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HONEY I SHRUNK THE KIDS (1989)
Wayne Szalinski is the All-American nutty scientist who is recently working on a top-secret machine that will allegedly miniaturize objects. Though he has difficulty getting the machine to cooperate at first, when his children accidentally stumble upon their father's creation, they suddenly find themselves the first guinea pigs of Szalinski's creation; doomed to wander the jungles of their backyard lawn, many a battle with giant ants and other backyard bugs ensues in this crazy comedy.
Director Joe Johnston's "Honey I Shrunk the Kids" is a fun, FX filled Sci-Fi comedy romp.
The basic story involves a married, eccentric scientist, Wayne Szalinski working on a shrinking ray machine in the attic of the Szalinski family home. When his kids, Amy and Nick, as well as the neighbor boys, Russ Jr. and Ronnie, are accidentally zapped, they're shrunk to tiny sizes, ending up trapped in the "jungle" of the backyard. Amy and Russ Jr. are high school age, while Nick and Ronnie are in junior high.
Misunderstood genius Wayne Szalinski, who is scoffed at by his academic peers and despised by his next-door neighbor, Russ Thompson, has a frustrating morning doing research on his shrinking ray gun, that for some unknown reason, has a problem and won't work. Deciding to take a break, Wayne leaves the project, but forgets to turn off the ray machine. Ronnie Thompson, the athletic younger son of Russ Thompson Sr., accidentally hits a baseball through the attic window, hitting the ray machine, temporarily fixing the problem that was frustrating Wayne. The ray machine then goes amok, shrinking furniture as it moves around. Russ Thompson Jr. the older, unathletic brother of Ronnie, who has a crush on the popular Amie Szalinski, takes Ronnie over to the Szalinski's to fess up and get the ball back from Amie and Nick. Well, guess what happens when all four of the kids wind up in the attic?
After the kids are inadvertently shrunk, Wayne comes back to the attic, sees the glass mess made by the ball, and sweeps up the glass and the kids, which he dumps into trash bag, that he takes back to the garbage cans, way in the back yard.
Even though the Szalinski and the Thompson kids are very different from each other, they all have to work together and use the different abilities they each have to survive the physical dangers lurking in the backyard, both mechanical and living. They learn to appreciate and tolerate their differences, and learn about their own gifts & qualities that they didn't realize they had.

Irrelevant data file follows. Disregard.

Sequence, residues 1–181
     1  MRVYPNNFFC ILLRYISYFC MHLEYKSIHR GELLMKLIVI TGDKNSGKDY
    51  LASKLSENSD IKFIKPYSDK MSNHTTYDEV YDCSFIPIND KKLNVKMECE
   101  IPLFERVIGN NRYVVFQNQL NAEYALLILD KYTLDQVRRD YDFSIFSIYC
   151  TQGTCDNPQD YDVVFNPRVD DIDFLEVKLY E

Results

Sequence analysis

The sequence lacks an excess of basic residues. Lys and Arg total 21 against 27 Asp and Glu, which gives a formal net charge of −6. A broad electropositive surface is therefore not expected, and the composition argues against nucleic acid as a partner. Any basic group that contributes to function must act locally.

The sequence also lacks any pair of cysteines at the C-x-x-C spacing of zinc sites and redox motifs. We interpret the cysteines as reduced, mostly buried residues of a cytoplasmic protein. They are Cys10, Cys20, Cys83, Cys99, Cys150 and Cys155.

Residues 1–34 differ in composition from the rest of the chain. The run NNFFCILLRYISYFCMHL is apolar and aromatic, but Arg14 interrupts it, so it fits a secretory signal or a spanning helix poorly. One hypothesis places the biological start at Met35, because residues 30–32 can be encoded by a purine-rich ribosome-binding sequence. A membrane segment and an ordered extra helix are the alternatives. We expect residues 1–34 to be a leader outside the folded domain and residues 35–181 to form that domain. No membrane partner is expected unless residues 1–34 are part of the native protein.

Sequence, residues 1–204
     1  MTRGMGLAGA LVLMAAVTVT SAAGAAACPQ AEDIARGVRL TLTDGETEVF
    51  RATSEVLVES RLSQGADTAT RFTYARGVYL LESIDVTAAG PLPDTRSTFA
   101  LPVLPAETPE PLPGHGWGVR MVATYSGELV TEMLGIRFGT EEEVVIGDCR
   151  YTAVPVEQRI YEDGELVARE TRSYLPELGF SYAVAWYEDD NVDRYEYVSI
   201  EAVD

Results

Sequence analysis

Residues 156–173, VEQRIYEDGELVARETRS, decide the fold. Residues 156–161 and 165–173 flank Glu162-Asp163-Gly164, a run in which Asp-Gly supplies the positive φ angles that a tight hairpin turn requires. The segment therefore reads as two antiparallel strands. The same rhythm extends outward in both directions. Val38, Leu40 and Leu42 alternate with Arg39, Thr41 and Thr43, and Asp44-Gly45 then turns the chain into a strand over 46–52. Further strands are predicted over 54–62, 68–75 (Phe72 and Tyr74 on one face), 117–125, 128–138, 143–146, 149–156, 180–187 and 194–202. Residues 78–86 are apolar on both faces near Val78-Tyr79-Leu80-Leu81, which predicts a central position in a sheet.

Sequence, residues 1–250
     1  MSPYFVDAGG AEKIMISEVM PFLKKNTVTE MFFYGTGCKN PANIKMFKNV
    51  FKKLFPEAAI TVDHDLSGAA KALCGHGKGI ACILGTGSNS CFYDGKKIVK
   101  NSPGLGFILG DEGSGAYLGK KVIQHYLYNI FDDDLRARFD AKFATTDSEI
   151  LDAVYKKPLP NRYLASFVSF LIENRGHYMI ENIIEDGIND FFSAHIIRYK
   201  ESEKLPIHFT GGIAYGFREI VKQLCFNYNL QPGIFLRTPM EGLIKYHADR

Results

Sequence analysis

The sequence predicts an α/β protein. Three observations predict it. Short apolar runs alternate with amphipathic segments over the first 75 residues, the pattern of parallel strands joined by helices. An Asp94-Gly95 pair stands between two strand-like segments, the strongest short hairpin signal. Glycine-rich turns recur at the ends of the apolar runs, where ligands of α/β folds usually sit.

The disappearance of the Thompson boys forces Russ Sr. to examine his problems with his older son, Russ Jr., who displeased him immensely when cut from the football team, despite all the inspirational stories told by Russ Sr., on how he worked hard to get on the team in his day. Maybe it was OK that his son wasn't athletic and didn't enjoy the outdoors.
There are plenty of good visual jokes in the film. The biggest running gag is all the problems the kids face in such an oversized world. Also, check out Amie and the phone incident, and Wayne's colossal face looming over the kids, as he searches for them in a contraption that attaches to the clothes line, all which doesn't improve his image of being peculiar.
Rick Moranis was perfect for the part of Wayne, adding his comedic talent and skills, & nice "acrobatic clownage," all which make this movie sparkle with comedy.
Marcia Strassman offers fine, sympathetic support as Moranis' loving wife, who helps Rick look for the kids, and work with the Thompsons, despite their marital problems, which they work out by the end of the movie.
Kristine Sutherland and Matt Frewer offers humorous support as Moranis' neighbors.
Because this is a children and family film, the animals and insects are given human qualities. Quark, the Szalinskis' dog, is as much a character in the story as the people are, and saves the day several times. "Anty", the baby ant who becomes a friend and helps the shrunken kids, behaves like a loyal pet dog.
The Szalinskis and the Thompsons each grow stronger together as a family as a result of this strange, adventuresome, stressful experience. Furthermore, the distrust and misunderstanding between the two households is replaced by closeness and affection. Everyone is a better person by the end. The main theme of this great Disney movie is: "Shrinking has helped them to grow."
A favorite scene shows Moranis' shrunken young son, floating in Moranis' breakfast cereal and in imminent danger of being eaten by Moranis. The scene is fun and funny, with great FX: dig those jumbo sized cherrios.
The FX here are very well done, particularly the shrunken kids interacting with "giant" creatures in the back yard. The wild bee flight, with the boys along for the ride, is flawless, and the fight between the ant and the scorpion is very effective, and looks pretty real. Phil Tippett and David Allen are two of the responsible parties.
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